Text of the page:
WHY WE SHOULD ALL WORK OUT LIKE WE’RE PREGNANT
This is not just for girls. We can ALL learn a lot by the way a pregnant person is supposed to workout. Really, they are forced to work harder than the crunch! This is because they are at risk from flexion in crunches, which can cause diastasis recti, a tear in the connective tissue connecting the two sides of the abdomen. We should all be imitating this idea anyway. It yields a strong, balanced core. Pregnant people are not supposed to work out like wimps! And crunches bore me, quite frankly.
This challenging no-crunch ab routine, focusing on true stabilization, makes us work deep and hard and may change the way you think you should be working your core. While doing these moves focus on breathing as slowly and deeply as you can. All moves promote flexibility, and work muscle groups to fatigue.
*If pregnant, be cautious not to try to gain more flexibility, as this is dangerous, and focus more on doing a kegel than whole abdominal engagement. My pregnant model Theresa had a strong core before she was pregnant, so she can master this routine. Always consult a doctor before attempting a new exercise routine.
CORE CHALLENGE: NO-CRUNCH ABS
René’s Tip: These moves are a challenge only when your truly being honest with yourself about your efforts to stabilize. When moving the limbs you must try your best to truly brace the muscles supporting the spine, ribs, and hips. Really think about it. It’s not about perfect stabilization, but trying to use those muscles, as aggressively as you are able. Basically, work to prevent wiggling and shifting!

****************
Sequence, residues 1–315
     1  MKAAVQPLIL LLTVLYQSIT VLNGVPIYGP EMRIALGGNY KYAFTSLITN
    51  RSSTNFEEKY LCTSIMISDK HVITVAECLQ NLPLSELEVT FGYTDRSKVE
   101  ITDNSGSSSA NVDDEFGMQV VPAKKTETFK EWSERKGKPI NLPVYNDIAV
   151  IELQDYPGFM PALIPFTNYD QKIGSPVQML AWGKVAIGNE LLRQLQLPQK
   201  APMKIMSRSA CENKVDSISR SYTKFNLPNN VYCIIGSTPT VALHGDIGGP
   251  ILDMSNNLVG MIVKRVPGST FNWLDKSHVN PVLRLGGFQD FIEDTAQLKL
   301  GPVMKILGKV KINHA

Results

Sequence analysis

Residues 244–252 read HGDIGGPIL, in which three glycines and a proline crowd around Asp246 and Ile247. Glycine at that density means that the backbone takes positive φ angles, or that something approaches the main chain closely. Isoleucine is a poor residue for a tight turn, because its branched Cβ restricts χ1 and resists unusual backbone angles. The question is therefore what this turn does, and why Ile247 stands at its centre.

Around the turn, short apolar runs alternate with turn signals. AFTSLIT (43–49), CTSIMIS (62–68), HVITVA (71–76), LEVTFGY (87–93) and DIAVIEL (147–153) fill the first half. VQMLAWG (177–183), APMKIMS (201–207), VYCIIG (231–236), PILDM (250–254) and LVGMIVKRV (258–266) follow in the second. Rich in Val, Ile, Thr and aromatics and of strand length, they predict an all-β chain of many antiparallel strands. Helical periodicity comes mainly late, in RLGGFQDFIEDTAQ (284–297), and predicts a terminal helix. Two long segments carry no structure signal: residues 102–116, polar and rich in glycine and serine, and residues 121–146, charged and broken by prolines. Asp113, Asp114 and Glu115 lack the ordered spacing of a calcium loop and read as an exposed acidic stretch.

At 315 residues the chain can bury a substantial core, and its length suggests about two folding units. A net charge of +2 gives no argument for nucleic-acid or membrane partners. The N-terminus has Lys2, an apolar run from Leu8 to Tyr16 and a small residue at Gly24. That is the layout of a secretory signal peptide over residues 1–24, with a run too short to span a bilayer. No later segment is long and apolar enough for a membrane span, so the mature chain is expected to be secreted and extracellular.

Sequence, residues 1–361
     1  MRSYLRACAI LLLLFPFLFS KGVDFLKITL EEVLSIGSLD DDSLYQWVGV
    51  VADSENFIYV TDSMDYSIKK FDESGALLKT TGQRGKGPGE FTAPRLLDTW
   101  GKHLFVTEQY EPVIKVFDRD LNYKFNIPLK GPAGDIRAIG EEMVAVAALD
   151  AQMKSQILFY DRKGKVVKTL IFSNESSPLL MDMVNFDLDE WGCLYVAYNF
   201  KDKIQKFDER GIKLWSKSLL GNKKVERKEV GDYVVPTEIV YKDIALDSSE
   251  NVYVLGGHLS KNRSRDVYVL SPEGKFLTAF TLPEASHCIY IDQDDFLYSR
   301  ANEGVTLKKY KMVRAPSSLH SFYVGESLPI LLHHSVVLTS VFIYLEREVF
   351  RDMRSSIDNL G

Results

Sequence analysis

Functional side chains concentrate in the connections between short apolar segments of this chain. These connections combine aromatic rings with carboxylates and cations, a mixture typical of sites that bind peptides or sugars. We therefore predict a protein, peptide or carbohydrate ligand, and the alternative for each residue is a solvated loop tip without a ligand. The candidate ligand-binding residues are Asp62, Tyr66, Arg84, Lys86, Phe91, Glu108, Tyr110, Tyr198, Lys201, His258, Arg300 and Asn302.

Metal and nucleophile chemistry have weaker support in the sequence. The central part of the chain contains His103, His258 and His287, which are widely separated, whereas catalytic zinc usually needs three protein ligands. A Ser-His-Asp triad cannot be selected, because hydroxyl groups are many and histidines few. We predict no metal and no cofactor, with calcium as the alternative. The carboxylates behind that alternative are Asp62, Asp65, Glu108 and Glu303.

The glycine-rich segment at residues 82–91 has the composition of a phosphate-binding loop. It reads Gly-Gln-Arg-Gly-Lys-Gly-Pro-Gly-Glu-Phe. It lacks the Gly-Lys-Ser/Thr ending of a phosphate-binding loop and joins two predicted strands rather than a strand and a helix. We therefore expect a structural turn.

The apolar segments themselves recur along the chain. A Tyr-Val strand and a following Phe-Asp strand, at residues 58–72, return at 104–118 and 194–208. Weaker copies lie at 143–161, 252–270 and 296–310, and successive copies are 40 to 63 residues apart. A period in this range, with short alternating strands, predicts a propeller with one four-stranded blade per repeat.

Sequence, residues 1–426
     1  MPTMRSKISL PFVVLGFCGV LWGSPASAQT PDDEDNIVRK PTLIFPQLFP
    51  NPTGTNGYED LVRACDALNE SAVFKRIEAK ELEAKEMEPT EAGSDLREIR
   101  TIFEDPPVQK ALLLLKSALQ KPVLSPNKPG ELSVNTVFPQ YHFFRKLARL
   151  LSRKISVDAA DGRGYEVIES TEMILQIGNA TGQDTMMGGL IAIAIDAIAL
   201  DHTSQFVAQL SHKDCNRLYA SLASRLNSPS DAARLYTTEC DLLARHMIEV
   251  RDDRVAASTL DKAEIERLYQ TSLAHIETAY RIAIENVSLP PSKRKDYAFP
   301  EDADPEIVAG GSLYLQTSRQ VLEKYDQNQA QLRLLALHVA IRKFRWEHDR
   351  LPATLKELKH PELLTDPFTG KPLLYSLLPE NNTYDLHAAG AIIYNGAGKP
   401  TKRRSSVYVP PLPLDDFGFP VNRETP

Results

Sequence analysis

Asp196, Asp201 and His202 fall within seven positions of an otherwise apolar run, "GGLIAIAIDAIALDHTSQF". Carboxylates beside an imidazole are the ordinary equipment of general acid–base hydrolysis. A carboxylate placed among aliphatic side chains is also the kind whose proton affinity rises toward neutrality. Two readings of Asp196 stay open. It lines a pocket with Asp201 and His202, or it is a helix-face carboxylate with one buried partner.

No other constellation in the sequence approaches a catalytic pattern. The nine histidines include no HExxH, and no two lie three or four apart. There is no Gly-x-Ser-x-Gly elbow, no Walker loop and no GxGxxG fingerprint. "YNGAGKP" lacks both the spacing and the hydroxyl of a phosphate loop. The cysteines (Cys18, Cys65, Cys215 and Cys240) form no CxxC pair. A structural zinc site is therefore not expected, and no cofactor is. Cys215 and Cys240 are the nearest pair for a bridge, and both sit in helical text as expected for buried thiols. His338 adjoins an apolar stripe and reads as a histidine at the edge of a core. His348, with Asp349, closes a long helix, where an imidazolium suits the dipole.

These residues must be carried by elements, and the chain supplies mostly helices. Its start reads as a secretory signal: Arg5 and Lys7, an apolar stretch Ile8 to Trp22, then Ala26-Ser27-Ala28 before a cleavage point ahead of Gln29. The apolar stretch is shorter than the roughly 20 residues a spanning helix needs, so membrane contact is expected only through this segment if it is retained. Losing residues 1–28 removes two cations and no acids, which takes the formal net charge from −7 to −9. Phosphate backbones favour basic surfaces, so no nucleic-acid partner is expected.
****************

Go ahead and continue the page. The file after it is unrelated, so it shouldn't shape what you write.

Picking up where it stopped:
- SPINE STRETCH AND PLANK CHALLENGE: “The stretchier the back…the stronger the belly.” I say. Hold this stretch inhaling deep about 30 seconds. Hold this low plank moving a leg up and down slooowwwly. Goal: 2 counts of 8 each leg without falling out. Visualize and stabilize the hips and tailbone. No squiggles.
- “C” CURVE CHALLENGE: This is part of my signature routine. Engage the abs, pelvic tilt, and descend to form the spine in a letter C. Go to where it’s very hard to maintain against gravity and maintain it as long as you can. Visualize the spine, hips, and ribcage. Keep them in those locations as you slooowwwly move 1. Arms up and down 1 count of 8 slowly (work to stabilize the ribcage) ; 2. Arms out and in for 1 count of 8 slowly; 3. Each leg up and down slowly 8 each; 4. Combine the slow arm and leg movements stabilizing that C. I cannot emphasize the word slowly enough. All the work is in the spine stabilization. If you do it right, you’ll know exactly what I mean. It feels powerful and so right. Goal: do this whole routine without taking a break from the C position.
- ELEVATED SCISSOR: You guessed it, scissor the legs slowly in this position. 3 slow counts of 8. Slow, I mean it. Really work at trying not to collapse the low spine. Stabilize those hips. Relaxing the neck and shoulders will be a challenge the first times you do this. If you persist, you will train to the core to take over a few times diligently trying this, and it will become less of a pain in the neck. An encouraging progression to observe.
- MAINTAIN “V”: Hold this position for 10 deep breaths. Less advanced may keep feet on the floor. More advanced, move arms up and down slowly, out and in slowly a count of 8 each way.
- MAINTAIN SIDE PLANK: Hold this side plank for 10 deep breaths. More advanced, stabilize the rest of the body while slowly moving a leg up and down. GOAL: 6 slow counts of 8
Where there is deliberateness and grace, there is strength and beauty. This routine looks slow and boring until you actually get on the floor and try it. My most expert clients, like Theresa and Colleen (pictured) listen to their bodies, stretch, don’t hit every rep, and stop if it hurts their back. Our body is like an “internal environment” we can control much of. This is powerful and comforting, as we can control so little of our external environment and stressors. Try this and share love for thoughtful movement.